This hummus is better than the name suggests. I’m a pumpkin-lover and even I was a bit unsure of how it would taste mixed in my favorite dip. Let it be known that this is super tasty! I made the recipe as listed and it was quite yummy. I liked it with the added cayenne and a touch of harissa paste–for some more heat. While it is good as written, I’d be curious to try it without the cinnamon and nutmeg next time so that it tastes more like a spicy dip.

    In case anyone is wondering how to use it: it’s excellent as you would enjoy any other hummus! I make hummus “tacos” with it, plop it on zoodles, rice cakes, salad, etc.

  16. mimi says

    Followed recipe as suggested except cayenne. Taste great. This recipe allows me to integrate white beans into my diet. Your ingredient combinations are impressive. Merci beaucoup!!

  17. Sarah Guidone says

    Wow, this hummus (like you said) is SOOO GOOD. I am eating it with roasted vegetables (sweet potato, carrots) and it’s so perfect and comforting. Thank you for this one!

  18. Cosamea says

    Hey Dana,

    I made this today for a quick dinner together with baked sweet potatoes, fennel-orange salad, homemade apple bread and carrot sticks. *jummy* Had leftover pumpkin purée from the baked pumpkin oats. This recipe is a keeper ?
    Next time I’ll pair it with your vegan cornbread. Can’t wait!

    Thanks for being such a great inspiration and a wonderful teacher.

    Greetings from Germany,


  19. Alyssa says

    I can’t get enough hummus. I recently made a white bean pumpkin hummus with chipotle but this one with the crispy sage looks DIVINE. Thank you for sharing :).

  20. Leni Fleming says

    Wow!! A keeper. I followed the recipe exactly, then just increased the spices a little at the end. The sage-garlic-olive oil addition is wonderful. I really hope I get asked to bring an appetizer to Thanksgiving because this is it. So flavorful and also much prettier than regular hummus. It will be beautiful surrounded by colorful veggies.

  21. Priscilla says

    I had fresh pumpkin puree left over so I decided to make this. It was crazy easy and VERY good! In fact, the sage/oil part was probably the most work and I could’ve done without it (my friends like it with the sage).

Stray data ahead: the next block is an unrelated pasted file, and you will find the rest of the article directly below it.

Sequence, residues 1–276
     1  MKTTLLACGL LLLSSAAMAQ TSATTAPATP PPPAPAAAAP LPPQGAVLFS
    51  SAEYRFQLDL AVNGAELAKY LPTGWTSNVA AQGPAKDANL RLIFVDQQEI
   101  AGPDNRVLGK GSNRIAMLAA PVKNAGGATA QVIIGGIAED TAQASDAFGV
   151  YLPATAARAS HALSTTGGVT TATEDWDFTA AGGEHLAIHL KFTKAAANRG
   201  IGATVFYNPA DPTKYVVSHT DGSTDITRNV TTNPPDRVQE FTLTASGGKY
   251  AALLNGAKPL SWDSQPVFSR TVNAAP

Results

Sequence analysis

22. Bridget says

    Your hummus recipes are fantastic! Finally got a food chopper so I’ve been trying them out. Love the pumpkin twist.

  23. Sarah Cook says

    I love this twist on my regular hummus go-to’s! I roasted a delicious pumpkin and have made this, the baked pumpkin oatmeal and I still have some leftover to make some other pumpkin recipe of yours! So many thanks!

  24. Nan says

    I made this and just substituted dried sage for fresh. It is SO amazing. I paired it with local organic “cornbread” chips and it was a huge hit. SO flavorful!

  25. Deb says

    Hi what an awesome looking recipe. What kind of white beans? For example. Navy beans or great northern beans or white kidney beans. Or?? Thanks

  26. Laura Hansen says

    Delicious white bean-pumpkin dip! I didn’t have fresh sage, so I subbed a smaller amount of dried sage. The sage was a nice touch and this probably would’ve been even tastier if I hadn’t been too lazy to go to the grocery store.

  27. Tara says

    Loved this recipe! A great way to expand the recipe is to use the hummus to make a ravioli filling. Here is what I did:

    About 4-5 tablespoons hummus
    1 egg
    4 tablespoons grated Parmesan (add more as needed)
    Salt and pepper

    Mix together until thick and use as filling for handmade ravioli. Use leftover sage from hummus recipe to make brown butter sage sauce for ravioli, so good!!

  28. Cassie Thuvan Tran says